The ancient village of Heptonstall sits on top of a steep hill on the north side of the Calder Valley, overlooking Hebden Bridge. The village once thrived in the woollen trade until the end of the 18th century when water and then steam powered mills determined that the industry was located in the tributary valleys of the Calder. (Yorkshire.com)
You cross the old bridge in Hebden Bridge and stand in front of “The Buttress”, part of an ancient packhorse route, a steep, cobbled ascent from Hebden Bridge up to Heptonstall on top of the hill. It´s not a long way, but a very steep one!
The view along the way is nice though and invites you to a short break!
View of Hebden Bridge from above, I also found a lost little friend – hopefully he got found!
Finally arrived at the top! Heptonstall offers a historical guided walk around the village, the printed ones are out of print (even so the lovely gentleman at the post office/local shop offered to lend me his copy) there is also a downloadable one.
A little café was the perfect place to have a little read through and have a tiny rest.
First named in 1253, Heptonstall was
a centre for hand-loom weaving, it was also the site of a battle in 1643 during the early part of the English Civil War. The foundation stone of its octagonal Methodist chapel, the oldest still in continued use, was laid following the visit of John Wesley in 1764.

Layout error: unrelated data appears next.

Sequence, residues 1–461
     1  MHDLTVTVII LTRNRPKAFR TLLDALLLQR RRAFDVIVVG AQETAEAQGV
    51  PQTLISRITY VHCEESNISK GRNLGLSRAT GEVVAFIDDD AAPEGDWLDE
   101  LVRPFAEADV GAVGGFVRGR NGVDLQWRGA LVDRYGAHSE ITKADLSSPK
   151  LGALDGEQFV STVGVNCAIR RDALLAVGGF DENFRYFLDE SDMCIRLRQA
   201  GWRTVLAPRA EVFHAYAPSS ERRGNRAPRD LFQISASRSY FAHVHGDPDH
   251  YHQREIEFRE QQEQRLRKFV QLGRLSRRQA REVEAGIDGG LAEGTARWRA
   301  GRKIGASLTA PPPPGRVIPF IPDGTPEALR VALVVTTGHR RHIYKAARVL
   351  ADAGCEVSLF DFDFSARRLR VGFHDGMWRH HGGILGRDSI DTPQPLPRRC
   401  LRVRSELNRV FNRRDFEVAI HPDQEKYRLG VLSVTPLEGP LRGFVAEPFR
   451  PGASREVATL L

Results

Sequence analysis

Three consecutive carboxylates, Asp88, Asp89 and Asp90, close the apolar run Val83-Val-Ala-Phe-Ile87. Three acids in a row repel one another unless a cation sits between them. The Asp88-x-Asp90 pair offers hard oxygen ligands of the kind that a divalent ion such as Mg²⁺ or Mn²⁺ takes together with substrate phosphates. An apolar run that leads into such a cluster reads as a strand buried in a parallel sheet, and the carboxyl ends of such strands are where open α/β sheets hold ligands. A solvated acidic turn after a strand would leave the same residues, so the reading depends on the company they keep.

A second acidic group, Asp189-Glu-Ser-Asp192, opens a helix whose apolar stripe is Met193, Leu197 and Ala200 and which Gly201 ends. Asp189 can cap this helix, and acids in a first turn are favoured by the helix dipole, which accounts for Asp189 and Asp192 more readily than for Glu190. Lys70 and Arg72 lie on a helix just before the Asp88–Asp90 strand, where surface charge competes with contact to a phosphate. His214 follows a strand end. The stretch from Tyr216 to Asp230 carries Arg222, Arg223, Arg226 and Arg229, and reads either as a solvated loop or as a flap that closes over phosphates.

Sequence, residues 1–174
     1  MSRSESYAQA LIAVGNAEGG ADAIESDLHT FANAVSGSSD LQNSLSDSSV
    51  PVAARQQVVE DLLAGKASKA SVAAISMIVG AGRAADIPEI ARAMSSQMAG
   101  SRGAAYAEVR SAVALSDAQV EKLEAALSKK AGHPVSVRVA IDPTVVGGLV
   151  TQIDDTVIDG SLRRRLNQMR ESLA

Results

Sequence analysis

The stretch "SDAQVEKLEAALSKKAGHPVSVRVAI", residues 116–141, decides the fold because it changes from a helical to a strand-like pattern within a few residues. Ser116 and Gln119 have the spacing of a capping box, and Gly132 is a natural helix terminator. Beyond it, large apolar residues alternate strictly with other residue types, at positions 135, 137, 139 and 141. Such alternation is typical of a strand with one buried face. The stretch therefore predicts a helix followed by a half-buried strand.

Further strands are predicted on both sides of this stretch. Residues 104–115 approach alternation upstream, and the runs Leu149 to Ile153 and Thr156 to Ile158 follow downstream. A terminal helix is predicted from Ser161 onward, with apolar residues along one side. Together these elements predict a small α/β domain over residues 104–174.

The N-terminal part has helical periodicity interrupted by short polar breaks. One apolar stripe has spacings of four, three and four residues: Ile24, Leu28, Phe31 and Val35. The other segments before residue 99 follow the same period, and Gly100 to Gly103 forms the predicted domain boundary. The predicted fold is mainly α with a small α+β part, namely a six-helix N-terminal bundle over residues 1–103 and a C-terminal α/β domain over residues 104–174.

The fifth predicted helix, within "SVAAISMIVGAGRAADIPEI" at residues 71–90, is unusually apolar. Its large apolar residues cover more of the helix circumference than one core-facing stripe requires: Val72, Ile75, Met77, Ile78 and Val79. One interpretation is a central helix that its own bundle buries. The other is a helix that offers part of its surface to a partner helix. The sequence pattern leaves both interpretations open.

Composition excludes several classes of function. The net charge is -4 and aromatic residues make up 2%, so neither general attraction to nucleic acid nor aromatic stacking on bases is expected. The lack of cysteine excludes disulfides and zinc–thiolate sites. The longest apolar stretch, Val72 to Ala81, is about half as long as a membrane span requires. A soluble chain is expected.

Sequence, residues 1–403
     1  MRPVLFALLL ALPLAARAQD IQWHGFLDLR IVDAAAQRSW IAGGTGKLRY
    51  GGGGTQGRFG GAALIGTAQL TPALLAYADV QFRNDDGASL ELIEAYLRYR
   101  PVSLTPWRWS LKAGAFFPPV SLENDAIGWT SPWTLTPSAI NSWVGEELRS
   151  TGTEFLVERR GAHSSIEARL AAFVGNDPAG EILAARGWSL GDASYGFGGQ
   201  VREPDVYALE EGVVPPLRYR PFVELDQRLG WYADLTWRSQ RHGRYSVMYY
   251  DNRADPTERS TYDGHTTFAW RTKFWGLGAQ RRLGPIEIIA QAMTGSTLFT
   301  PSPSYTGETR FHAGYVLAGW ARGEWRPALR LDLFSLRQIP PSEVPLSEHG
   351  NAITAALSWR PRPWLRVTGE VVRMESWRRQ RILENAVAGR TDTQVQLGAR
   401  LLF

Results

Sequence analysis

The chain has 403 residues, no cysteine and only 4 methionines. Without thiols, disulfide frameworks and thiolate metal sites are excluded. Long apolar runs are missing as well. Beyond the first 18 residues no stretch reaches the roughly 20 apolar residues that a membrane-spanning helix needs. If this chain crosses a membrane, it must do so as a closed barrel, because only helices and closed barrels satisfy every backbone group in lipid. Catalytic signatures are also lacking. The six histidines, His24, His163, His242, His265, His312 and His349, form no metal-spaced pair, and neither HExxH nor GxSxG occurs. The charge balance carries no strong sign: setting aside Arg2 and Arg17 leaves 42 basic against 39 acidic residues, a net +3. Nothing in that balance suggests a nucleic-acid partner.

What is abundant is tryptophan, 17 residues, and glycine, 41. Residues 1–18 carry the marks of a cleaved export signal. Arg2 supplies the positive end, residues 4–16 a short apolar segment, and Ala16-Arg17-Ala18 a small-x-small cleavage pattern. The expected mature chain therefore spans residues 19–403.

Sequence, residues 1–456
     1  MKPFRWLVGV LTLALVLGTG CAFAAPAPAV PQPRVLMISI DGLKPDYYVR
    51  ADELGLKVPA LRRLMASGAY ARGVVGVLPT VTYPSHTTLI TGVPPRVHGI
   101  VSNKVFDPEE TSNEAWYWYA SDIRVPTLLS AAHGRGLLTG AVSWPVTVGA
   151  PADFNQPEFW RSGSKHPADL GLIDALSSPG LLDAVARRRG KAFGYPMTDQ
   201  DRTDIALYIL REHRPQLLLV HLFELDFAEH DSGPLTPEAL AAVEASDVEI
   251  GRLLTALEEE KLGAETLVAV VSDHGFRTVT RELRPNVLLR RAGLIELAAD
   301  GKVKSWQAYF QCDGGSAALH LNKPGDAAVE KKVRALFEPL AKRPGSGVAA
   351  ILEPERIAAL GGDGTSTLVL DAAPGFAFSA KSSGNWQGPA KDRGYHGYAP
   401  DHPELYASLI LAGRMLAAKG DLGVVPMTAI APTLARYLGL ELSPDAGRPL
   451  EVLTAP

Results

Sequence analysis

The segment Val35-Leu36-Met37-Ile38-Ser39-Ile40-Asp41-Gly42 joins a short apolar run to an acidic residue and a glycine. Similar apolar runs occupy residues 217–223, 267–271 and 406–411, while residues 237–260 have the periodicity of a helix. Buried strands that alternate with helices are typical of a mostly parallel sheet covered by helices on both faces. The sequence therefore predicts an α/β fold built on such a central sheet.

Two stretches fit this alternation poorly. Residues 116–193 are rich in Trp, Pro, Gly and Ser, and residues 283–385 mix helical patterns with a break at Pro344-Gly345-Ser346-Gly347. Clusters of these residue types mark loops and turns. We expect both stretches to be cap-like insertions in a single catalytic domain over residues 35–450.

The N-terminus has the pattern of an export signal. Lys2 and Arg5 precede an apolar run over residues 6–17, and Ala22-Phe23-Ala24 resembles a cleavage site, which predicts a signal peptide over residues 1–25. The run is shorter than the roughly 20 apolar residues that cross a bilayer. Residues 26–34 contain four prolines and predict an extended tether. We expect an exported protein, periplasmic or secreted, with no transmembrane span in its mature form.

Heptonstall cottages and terraced houses were characterised by their large first floor windows to maximise the light for weaving. (heptonstall.org)
The old Co-Operative house, market – and the little café on the right.
St Thomas a Becket
Founded around 1260 Heptonstalls old church was altered and added to over the centuries but damaged by a gale in 1847 and a new church was built right next to the old one.
The paths are laid with old gravestones and in the newer part American poet, Sylvia Plath is buried.
Right next to the churches is the Old Grammar School, serving as a little museum about local history and well worth a visit! (entrance is free)
It was endowed in 1641 and closed in 1889. The building was used by the Yorkshire Penny Bank from 1898 to 1954. They kept the original school desks, headmaster’s chair and stone fireplace, which are still in position, (Heptonstall.org)
Designed by local architect Noel Singer, as a museum of stone and completed in 1967. Several weavers’ cottages and the old band room previously stood on the site. It is formed of cobbles and pebbles from the River Calder in Mytholmroyd, various kinds of setts, stone flags from local houses and concrete.(Heptonstall.org)
My next destination was Hardcastle Crags, a wooded valley on the other side of the hill!